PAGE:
Nawal El Saadawi was born in the Egyptian village of Kafr Tahla in 1931. Her father was a civil servant, and her mother came from an upper-class Egyptian family. At the age of six, and at the insistence of her mother, El Saadawi underwent a clitoridectomy (also known as female genital mutilation), a procedure in which a young girl’s clitoris is removed. El Saadawi was one of nine children, and her parents made the unusual decision to send all of their children—boys and girls—to school. El Saadawi excelled in school, and in 1949 she entered medical school at the University of Cairo. There, El Saadawi met and eventually married Ahmed Helmi, a fellow medical student and an Egyptian freedom fighter who opposed Britain’s presence in Egypt. They were soon divorced. Despite the limitations placed on women by governmental and religious rule at the time, El Saadawi became a doctor in 1955.

After her divorce from her first husband, El Saadawi was pressured by her family into marrying Dr. Rashad Bey, who disapproved of El Saadawi’s writing and her feminist viewpoints. El Saadawi in turn disliked Bey, and they, too, divorced. She then moved to New York to attend Columbia University, where she obtained her master’s degree in public health in 1966. By this time, El Saadawi had married her third husband, Sherif Hetata. Like El Saadawi, Hetata is both a doctor and a novelist, and so was supportive of both of El Saadawi’s passions. Hetata has since translated several of El Saadawi’s works into English. Upon their return to Egypt, El Saadawi rose to become Egypt’s Director of Public Health. She also worked as the editor-in-chief of Health magazine and assistant general secretary for Egypt’s Medical Association.

In 1972, El Saadawi published her first nonfiction work, Women and Sex, which dealt with religion, sex, and clitoridectomy. Infuriated, the Egyptian government and religious establishment pressured the Ministry of Health into dismissing El Saadawi. She simultaneously lost her jobs as editor-in-chief of Health and as assistant general secretary in the Medical Association in Egypt.

From 1973 to 1976, El Saadawi researched women and neuroses at the Medical School of Ain Shams University. During this time, she did extensive research on women in prisons, traveling often to Qanatir Women’s Prison. It was there that she met the woman who inspired the character of Firdaus in Woman at Point Zero—a prostitute condemned to death for killing the man who would have been her pimp.

From 1979 to 1980, El Saadawi worked for the United Nations as the advisor for the Women’s Program in Africa and the Middle East. By this time, she had established a formidable bibliography and had published numerous works of fiction and non-fiction, including Memoirs of a Woman Doctor (1958), Two Women in One (1968), She Has No Place in Paradise (1972), God Dies by the Nile (1976), The Circling Song (1977), and The Hidden Face of Eve: Women in the Arab World (1977). All of her works have a feminist point of view, and El Saadawi was threatened by various Islamic fundamentalist groups throughout her life.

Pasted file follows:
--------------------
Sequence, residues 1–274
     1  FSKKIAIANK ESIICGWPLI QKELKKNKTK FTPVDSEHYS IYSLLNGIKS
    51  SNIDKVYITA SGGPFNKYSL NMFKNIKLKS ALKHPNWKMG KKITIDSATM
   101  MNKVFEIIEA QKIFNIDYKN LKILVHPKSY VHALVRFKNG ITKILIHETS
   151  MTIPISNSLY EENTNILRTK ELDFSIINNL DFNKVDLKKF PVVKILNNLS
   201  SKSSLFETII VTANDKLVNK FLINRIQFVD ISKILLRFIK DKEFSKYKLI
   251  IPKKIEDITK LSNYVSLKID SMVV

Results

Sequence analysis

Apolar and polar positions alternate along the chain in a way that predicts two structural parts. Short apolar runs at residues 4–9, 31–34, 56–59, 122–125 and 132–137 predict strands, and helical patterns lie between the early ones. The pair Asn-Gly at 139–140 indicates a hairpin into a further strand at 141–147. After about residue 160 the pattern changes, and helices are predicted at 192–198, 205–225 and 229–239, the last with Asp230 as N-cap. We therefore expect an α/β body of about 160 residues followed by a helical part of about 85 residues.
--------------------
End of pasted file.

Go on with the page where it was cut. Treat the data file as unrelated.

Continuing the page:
In 1981, El Saadawi was imprisoned by the regime of Egyptian President Anwar Sadat for criticizing his one-party rule. She spent two months in Qanatir Women’s Prison—the same prison in which she visited Firdaus, the protagonist of Woman at Point Zero—under the Egyptian “Law for the Protection of Values from Shame.” She was released one month after President Sadat’s assassination in 1981. In 1982, El Saadawi founded the Arab Women’s Solidarity Association, a feminist organization that was subsequently banned in 1991. Not long after, El Saadawi’s name began to appear on “death lists” issued by Islamic fundamentalist groups who objected to her outspoken feminism and her unapologetic criticism of some aspects of Islam. El Saadawi and Hetata fled to the United States, where she taught at Duke University in North Carolina and Washington State University in Seattle. Finally, in 1996, she returned to Egypt.

But her troubles weren’t over. In 2001, the seventy-three-year-old El Saadawi suggested in an interview that the pilgrimage that Muslims make to Mecca has its roots in a pagan tradition. In the same interview, she suggested that Islamic laws of inheritance were discriminatory toward women. Consequently, El Saadawi was accused of “straying from the circle of Islam.” A famous Egyptian lawyer invoked an old and out-of-use law that allows one Muslim to accuse another of “apostasy,” or renunciation of the Islamic faith. Because under Sharia, or Islamic law, a non-Muslim is not allowed to be married to a Muslim, the lawyer, Nabih al-Wahsh, tried to force El Saadawi to divorce Hetata, her husband of 40 years. The case was overturned in July of 2001, and El Saadawi and Hetata remain married. El Saadawi continues to be a provocateur.